If you’re a lonely guy planning a geographical cure, this book should save you the money and trouble.

GOD BLESS CAMBODIA

Randy Burns is the kind of unfulfilled, middle-aged guy you usually find in sports bars, strip clubs, and Judd Apatow movies. In Ross’ debut novel, Randy takes a worldwide journey to discover himself, find enlightenment, or get laid—which in his world are pretty much the same thing.

As the book opens, Randy is nearing 50 and has just been hit with the loss of a lucrative job and the breakup of his umpteenth relationship. Taking the advice of a self-help travel guru, he shakes up his life by booking himself on a trip to South America, South Africa, Southeast Asia, and Australia. But his experience on each continent is about the same: he looks in vain for health clubs, deals with inedible food and insect-ridden hotel rooms, gets bored on sightseeing tours, and unsuccessfully hits on women. The closest thing to an epiphany comes when he finds cheap Jim Beam and a paid companion in Vietnam. Meanwhile he’s pestered by angry emails from his ex-girlfriend Ricki, whom he becomes convinced was the love of his life after all. The author sometimes writes too much like a stand-up comic, going for the easy laugh whenever the story threatens to get emotional. But a few poignant moments slip through, and this story of a flawed character’s midlife crisis becomes an easy one to relate to.

If you’re a lonely guy planning a geographical cure, this book should save you the money and trouble.

Pub Date: March 20, 2017

ISBN: 978-1-57962-490-3

Page Count: 304

Publisher: Permanent Press

Review Posted Online: Jan. 23, 2017

Kirkus Reviews Issue: Feb. 1, 2017

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TO KILL A MOCKINGBIRD

A first novel, this is also a first person account of Scout's (Jean Louise) recall of the years that led to the ending of a mystery, the breaking of her brother Jem's elbow, the death of her father's enemy — and the close of childhood years. A widower, Atticus raises his children with legal dispassion and paternal intelligence, and is ably abetted by Calpurnia, the colored cook, while the Alabama town of Maycomb, in the 1930's, remains aloof to their divergence from its tribal patterns. Scout and Jem, with their summer-time companion, Dill, find their paths free from interference — but not from dangers; their curiosity about the imprisoned Boo, whose miserable past is incorporated in their play, results in a tentative friendliness; their fears of Atticus' lack of distinction is dissipated when he shoots a mad dog; his defense of a Negro accused of raping a white girl, Mayella Ewell, is followed with avid interest and turns the rabble whites against him. Scout is the means of averting an attack on Atticus but when he loses the case it is Boo who saves Jem and Scout by killing Mayella's father when he attempts to murder them. The shadows of a beginning for black-white understanding, the persistent fight that Scout carries on against school, Jem's emergence into adulthood, Calpurnia's quiet power, and all the incidents touching on the children's "growing outward" have an attractive starchiness that keeps this southern picture pert and provocative. There is much advance interest in this book; it has been selected by the Literary Guild and Reader's Digest; it should win many friends.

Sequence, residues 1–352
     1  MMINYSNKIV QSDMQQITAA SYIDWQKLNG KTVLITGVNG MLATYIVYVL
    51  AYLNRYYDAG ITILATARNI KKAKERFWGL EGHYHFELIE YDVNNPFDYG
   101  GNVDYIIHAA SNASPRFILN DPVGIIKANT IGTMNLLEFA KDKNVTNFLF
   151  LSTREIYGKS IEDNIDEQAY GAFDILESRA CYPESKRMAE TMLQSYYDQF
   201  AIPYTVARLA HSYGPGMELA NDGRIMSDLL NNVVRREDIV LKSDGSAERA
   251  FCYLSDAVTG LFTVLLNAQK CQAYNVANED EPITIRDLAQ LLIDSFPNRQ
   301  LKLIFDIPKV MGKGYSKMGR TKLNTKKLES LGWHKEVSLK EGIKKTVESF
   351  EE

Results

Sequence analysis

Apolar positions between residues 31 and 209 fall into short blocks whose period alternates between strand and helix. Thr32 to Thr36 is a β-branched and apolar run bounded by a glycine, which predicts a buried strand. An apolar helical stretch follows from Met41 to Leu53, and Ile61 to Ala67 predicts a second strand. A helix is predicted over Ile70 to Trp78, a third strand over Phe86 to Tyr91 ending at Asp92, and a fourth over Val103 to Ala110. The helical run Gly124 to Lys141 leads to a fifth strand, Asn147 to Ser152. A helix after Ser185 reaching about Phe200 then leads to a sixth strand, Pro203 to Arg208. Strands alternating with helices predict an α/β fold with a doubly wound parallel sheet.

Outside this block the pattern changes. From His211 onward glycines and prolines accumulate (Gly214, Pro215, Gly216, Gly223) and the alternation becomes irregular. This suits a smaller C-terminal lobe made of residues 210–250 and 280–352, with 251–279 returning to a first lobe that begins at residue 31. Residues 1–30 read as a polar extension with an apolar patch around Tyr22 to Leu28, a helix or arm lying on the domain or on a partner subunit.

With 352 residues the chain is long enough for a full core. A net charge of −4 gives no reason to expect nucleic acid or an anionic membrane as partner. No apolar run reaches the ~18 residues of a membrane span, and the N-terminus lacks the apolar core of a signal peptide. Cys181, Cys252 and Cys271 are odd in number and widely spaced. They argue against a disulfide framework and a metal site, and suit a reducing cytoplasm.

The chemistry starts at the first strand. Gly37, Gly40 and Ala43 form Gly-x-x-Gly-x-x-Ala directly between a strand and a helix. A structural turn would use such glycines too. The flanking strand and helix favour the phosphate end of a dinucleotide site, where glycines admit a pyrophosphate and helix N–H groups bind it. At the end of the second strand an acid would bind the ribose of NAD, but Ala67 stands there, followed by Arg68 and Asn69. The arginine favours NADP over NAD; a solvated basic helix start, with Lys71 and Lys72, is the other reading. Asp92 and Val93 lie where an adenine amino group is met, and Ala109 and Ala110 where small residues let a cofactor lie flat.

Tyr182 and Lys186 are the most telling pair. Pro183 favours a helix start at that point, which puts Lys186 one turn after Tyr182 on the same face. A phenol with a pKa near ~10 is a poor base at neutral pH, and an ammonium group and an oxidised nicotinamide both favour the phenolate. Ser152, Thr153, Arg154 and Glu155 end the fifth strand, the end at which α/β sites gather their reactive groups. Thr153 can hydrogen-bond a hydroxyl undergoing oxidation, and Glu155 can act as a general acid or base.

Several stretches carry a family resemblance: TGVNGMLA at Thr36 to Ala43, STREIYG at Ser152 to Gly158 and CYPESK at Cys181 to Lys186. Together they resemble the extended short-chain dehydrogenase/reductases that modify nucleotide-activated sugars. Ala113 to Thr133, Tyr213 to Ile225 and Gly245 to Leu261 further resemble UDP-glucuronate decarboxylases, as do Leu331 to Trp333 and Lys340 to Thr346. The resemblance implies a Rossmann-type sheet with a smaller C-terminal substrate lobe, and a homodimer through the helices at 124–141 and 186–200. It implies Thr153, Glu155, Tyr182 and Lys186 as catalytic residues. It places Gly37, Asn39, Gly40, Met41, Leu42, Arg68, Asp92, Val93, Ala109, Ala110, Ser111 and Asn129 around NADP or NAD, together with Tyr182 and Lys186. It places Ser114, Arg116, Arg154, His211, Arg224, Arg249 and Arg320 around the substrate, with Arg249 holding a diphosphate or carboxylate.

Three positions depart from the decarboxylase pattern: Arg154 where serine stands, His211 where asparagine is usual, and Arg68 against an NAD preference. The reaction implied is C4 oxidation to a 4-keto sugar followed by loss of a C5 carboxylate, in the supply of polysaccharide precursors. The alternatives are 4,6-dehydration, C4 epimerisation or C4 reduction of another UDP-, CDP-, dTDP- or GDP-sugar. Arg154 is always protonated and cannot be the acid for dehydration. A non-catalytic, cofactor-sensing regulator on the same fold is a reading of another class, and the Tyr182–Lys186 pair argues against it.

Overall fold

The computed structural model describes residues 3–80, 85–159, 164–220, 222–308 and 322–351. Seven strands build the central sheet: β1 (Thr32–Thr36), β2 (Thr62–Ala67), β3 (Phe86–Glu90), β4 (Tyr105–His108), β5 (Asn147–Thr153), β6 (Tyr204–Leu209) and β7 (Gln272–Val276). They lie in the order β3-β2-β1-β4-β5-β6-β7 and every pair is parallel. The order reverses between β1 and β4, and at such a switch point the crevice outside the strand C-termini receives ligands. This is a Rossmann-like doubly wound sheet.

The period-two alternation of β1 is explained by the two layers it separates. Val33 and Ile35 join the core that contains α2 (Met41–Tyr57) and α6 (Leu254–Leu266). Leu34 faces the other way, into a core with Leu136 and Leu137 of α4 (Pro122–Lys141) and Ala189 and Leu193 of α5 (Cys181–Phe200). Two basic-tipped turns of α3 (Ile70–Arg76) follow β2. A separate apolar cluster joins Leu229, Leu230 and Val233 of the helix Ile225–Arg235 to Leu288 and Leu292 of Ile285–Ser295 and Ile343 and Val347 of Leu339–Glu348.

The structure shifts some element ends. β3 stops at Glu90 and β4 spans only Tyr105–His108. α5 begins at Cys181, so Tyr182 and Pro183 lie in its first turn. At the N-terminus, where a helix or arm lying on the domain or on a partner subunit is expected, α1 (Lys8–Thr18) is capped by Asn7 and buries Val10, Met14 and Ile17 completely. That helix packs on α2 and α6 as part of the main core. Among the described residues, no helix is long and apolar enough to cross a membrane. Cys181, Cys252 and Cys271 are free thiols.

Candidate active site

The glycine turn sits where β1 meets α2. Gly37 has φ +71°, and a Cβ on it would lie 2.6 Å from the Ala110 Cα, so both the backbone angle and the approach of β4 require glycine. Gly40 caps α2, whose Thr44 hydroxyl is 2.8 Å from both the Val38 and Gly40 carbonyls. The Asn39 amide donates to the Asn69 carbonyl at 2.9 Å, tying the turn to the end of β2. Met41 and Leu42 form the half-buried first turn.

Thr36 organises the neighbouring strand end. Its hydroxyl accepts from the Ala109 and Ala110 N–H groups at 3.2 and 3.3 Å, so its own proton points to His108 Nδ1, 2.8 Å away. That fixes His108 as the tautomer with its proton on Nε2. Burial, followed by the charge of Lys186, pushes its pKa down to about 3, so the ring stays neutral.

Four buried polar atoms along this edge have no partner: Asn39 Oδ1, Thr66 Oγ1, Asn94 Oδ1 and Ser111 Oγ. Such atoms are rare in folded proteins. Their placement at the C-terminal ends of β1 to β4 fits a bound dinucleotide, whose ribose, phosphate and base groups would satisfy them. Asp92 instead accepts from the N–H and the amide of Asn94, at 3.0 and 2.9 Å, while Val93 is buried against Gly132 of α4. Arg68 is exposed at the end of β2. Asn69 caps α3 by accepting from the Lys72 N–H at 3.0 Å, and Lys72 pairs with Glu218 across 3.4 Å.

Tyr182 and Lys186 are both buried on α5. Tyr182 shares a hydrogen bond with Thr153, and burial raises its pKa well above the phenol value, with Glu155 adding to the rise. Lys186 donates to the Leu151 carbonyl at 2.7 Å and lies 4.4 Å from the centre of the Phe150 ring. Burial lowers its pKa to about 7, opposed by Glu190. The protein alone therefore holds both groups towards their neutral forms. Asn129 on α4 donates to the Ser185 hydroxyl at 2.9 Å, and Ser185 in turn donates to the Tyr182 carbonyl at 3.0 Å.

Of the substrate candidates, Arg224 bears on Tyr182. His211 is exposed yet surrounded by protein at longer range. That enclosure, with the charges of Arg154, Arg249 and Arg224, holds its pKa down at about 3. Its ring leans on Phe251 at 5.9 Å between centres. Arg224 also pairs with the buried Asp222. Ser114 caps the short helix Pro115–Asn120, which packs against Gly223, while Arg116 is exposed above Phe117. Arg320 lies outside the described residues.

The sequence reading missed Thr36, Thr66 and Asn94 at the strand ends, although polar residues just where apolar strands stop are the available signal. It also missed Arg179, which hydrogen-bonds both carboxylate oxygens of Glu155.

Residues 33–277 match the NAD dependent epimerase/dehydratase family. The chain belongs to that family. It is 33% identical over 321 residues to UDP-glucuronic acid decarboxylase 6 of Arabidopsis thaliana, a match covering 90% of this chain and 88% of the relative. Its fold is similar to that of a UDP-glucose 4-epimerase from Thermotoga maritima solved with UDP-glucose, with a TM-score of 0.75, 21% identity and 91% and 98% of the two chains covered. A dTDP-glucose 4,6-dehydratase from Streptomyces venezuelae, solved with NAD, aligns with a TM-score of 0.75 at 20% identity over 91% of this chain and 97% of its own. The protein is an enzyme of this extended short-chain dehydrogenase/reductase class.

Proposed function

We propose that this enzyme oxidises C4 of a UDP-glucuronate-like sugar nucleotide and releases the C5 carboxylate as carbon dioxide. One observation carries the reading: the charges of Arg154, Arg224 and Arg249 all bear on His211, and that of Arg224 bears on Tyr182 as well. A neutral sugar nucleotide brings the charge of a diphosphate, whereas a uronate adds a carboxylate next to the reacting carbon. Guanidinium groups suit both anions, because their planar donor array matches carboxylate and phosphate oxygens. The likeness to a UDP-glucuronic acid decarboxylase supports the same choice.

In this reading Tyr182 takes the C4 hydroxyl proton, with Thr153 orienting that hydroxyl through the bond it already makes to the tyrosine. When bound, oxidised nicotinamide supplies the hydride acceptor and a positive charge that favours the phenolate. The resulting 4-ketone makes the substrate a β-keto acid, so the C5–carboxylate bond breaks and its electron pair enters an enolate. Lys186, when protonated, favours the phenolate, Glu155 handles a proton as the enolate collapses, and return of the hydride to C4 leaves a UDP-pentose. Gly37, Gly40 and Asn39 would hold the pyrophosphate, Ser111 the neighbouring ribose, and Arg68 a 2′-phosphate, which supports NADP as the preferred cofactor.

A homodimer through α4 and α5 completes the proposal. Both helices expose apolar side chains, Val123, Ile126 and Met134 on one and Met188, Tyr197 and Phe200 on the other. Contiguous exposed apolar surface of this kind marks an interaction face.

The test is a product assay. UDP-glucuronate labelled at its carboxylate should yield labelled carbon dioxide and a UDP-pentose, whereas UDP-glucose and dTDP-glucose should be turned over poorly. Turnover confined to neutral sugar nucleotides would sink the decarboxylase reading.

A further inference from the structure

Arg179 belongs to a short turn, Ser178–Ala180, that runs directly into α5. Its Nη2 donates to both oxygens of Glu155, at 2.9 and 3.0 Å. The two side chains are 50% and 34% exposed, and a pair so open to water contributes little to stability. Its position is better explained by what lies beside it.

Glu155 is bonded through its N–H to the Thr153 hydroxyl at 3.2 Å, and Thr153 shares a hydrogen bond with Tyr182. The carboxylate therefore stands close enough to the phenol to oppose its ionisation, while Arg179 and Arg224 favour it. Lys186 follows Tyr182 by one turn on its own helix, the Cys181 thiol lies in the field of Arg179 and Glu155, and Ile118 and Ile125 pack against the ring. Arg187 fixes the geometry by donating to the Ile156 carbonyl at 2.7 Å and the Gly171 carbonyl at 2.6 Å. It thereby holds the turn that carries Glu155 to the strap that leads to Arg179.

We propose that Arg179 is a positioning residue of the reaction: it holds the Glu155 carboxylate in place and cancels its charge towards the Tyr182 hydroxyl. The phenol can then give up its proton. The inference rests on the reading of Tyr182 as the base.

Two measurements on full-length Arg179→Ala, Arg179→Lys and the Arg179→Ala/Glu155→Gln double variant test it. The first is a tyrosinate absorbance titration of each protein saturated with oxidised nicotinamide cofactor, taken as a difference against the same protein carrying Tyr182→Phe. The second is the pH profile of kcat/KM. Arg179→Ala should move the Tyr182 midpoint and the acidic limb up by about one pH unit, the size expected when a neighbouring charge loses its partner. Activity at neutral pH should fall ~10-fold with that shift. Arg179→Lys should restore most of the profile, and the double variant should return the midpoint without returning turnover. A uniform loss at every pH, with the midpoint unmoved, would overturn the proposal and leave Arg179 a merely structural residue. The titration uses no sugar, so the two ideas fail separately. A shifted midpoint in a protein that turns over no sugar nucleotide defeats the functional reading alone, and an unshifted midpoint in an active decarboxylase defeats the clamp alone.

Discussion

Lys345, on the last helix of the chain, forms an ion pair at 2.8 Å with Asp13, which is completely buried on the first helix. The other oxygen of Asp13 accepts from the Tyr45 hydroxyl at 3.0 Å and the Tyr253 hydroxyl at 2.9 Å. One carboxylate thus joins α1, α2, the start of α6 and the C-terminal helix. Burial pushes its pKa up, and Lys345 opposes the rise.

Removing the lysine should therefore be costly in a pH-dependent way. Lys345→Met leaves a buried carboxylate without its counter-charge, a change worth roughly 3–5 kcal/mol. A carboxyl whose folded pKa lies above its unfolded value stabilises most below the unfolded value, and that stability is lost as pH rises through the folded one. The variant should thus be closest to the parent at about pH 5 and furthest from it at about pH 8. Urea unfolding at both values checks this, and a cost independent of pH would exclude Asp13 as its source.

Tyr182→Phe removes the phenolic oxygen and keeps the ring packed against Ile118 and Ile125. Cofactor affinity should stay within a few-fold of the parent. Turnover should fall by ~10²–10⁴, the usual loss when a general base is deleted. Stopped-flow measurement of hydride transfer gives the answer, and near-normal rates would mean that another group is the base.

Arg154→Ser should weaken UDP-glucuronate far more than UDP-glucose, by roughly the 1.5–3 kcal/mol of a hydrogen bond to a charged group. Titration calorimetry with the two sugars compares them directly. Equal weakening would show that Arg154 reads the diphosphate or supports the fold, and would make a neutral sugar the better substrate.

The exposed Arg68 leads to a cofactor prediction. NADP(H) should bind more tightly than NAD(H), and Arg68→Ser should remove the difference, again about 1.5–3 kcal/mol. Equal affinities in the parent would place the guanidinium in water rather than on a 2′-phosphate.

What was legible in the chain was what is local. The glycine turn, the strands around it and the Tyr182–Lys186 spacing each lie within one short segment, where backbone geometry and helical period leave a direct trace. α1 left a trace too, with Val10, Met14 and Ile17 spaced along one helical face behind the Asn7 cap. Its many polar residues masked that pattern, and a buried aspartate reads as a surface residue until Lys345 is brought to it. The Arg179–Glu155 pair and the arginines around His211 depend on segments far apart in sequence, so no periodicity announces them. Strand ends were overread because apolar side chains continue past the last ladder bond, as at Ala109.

Pub Date: July 11, 1960

ISBN: 0060935464

Page Count: 323

Publisher: Lippincott

Review Posted Online: Oct. 7, 2011

Kirkus Reviews Issue: July 1, 1960

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Nothing original, but in Hilderbrand’s hands it’s easy to get lost in the story.

BAREFOOT

Privileged 30-somethings hide from their woes in Nantucket.

Hilderbrand’s saga follows the lives of Melanie, Brenda and Vicki. Vicki, alpha mom and perfect wife, is battling late-stage lung cancer and, in an uncharacteristically flaky moment, opts for chemotherapy at the beach. Vicki shares ownership of a tiny Nantucket cottage with her younger sister Brenda. Brenda, a literature professor, tags along for the summer, partly out of familial duty, partly because she’s fleeing the fallout from her illicit affair with a student. As for Melanie, she gets a last minute invite from Vicki, after Melanie confides that Melanie’s husband is having an affair. Between Melanie and Brenda, Vicki feels her two young boys should have adequate supervision, but a disastrous first day on the island forces the trio to source some outside help. Enter Josh, the adorable and affable local who is hired to tend to the boys. On break from college, Josh learns about the pitfalls of mature love as he falls for the beauties in the snug abode. Josh likes beer, analysis-free relationships and hot older women. In a word, he’s believable. In addition to a healthy dose of testosterone, the novel is balanced by powerful descriptions of Vicki’s bond with her two boys. Emotions run high as she prepares for death.

Nothing original, but in Hilderbrand’s hands it’s easy to get lost in the story.

Pub Date: July 2, 2007

ISBN: 978-0-316-01858-6

Page Count: 352

Publisher: Little, Brown

Review Posted Online: June 24, 2010

Kirkus Reviews Issue: May 15, 2007

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